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Converting - Elves

Converting - Elves The oldest and wisest people of Middle-earth, the Elves possess great nobility and power. They are the only people never to have willingly served the Shadow. Elves stand as tall as Men-—taller
than some, though they are of slighter build and greater grace. Their features are surpassing fair, evoking awe among the lesser peoples. Most have dark hair and eyes, though those of some houses have golden hair, and they are always beardless. Feeling no bite of cold, Elves wear light garb, often sewn with great skill. They revel in the wonders of nature, the beauty of songs and tales, the glimmer of the stars, and the voice of the waters. But in their hearts, they also possess great sadness, knowing that all things pass, and that they cannot preserve them. Elves do not age, not do they die, unless wounds, grief, or some artifice of the Enemy takes hold of them and ends their existence in Middle-earth. To other peoples they seem at once aged and ageless, possessing the lore and wisdom of experience together with the joyful nature of youth.

The Elves take great care to trace their lineages and differentiate themselves, one group from another, but for the most part they have three main divisions:

Also known as the High Elves, the Noldor were those Elves who went across the Sea. In time, at the urging of Féanor, they rebelled against the Valar, and Féanor led them back to Middle-earth. Powerful and learned, even compared to most Elves—they have great love of lore and the arts of making. The Elven smiths of the Noldor surpass all others, even the Dwarves, in their crafts. They count the Rings of Power among their works. By the end of the Third Age, most Noldor had returned to Valinor via the Grey Havens, leaving only a few in Wandering Companies in Eriador, or lords of Elven-kingdoms who yet preferred to remain in their lands.
Galadriel, Gildor, and Glorfindel are of the Noldor.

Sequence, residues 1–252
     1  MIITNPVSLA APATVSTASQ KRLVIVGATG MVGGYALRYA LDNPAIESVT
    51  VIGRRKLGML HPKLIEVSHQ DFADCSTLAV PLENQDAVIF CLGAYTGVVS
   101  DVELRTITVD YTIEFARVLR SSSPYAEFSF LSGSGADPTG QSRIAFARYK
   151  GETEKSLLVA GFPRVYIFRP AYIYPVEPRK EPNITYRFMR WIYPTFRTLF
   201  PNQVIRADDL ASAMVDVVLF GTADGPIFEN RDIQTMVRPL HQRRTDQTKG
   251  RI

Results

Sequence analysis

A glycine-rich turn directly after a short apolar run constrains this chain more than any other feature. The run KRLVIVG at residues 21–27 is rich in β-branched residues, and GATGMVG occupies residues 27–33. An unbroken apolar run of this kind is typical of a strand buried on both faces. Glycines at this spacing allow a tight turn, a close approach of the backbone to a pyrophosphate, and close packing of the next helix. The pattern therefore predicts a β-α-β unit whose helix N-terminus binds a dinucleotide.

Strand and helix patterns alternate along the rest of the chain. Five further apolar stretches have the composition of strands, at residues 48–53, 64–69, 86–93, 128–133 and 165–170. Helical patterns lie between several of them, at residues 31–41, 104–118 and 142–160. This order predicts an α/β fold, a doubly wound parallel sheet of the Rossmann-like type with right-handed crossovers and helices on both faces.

Known as the Grey Elves, these are the Elves who began the journey across the Sea but chose to remain in Beleriand and the west of Middle-earth. Although their love For the wide lands of Middle-earth is strong, since the end of the First Age they have slowly been departing for the Uttermost West. Once awakened in them, the Sea-longing does not die. Although considered less powerful and wise than the Noldor, the Sindar remain more numerous in the Third Age, and they are renowned for their gifts of music and song.
Legolas, Cirdan, Celeborn, and Thranduil are all Grey Elves. Elrond's Elven heritage comes partly from the Grey Elves.

Also known as Wood-elves and East-elves, these are the Elves who, like the Sindar, did not undertake the journey across the Sea, preferring to remain in Middle-earth. Unlike the Grey Elves, most ceased their journey before even crossing the Misty Mountains. (Some later pressed on as far as Lindon.) Accounted of less wisdom, learning, and majesty than either the Noldor or the Sindar, they outnumber their cousins. During the Third Age they live in realms, such as Lorien, ruled by Noldorin or Grey Elves. They tend to distrust strangers and outsiders, at least until they get to know them.

The history of the Elves begins in Valinor, where they dwelt in bliss among the Valar, beneath the light of the Two Trees. But Morgoth the Enemy slew the Trees and stole the Silmarils, great jewels forged by Feanor, which held the Trees' light within them. Feanor led the Noldor back to Middle-earth to hunt for his stolen works. For centuries, aided at times by the other Free Peoples, the Noldor warred on Morgoth to recover the Silmarils, but they never succeeded. Only at the very end of the First Age was Morgoth overthrown. Thereafter, the Valar allowed the Noldor to return to Valinor, and permitted other Elves to journey there for the first time. Many Elves chose to remain in Middle-earth, for a time at least, out of pride or for love of its lands. In the Second Age, Gil-galad, last High King of the Noldor in Middle-earth, ruled a great realm in Lindon, Cirdan maintained the Grey Havens, Elrond founded the refuge Imladris (Rivendell), and Galadriel and Celeborn assumed leadership over the Elves of Lorien. All were nearly destroyed in the War of. The Elves and Sauron (SA 1693-1700), but the Elves held fast, and finally won with the help of‘ the Men of Numenor. At the end of the Second Age, after Sauron brought about the destruction of Numenor, Gil-galad joined with Men to formthe Last Alliance, and he and Elendil gave their lives to defeat the Dark Lord. During the Third Age, though they still had stronghold such as Imladris, Lorien, and the Woodland Realm of Thranduil in Mirkwood, the Elves dwindled as Men became more powerful. May departed from the Grey Havens to the lands across the Sea. Most spent their days in idle, joyful wandering or other pursuits, or governed their seemingly timeless realms with a strong though easy hand, aiding the causes of the Wise as they deemed best. After the War of the Ring, when the true Dominion of Men begins, most of the remaining Elf-lords, including Elrond and Galadriel, depart as well.

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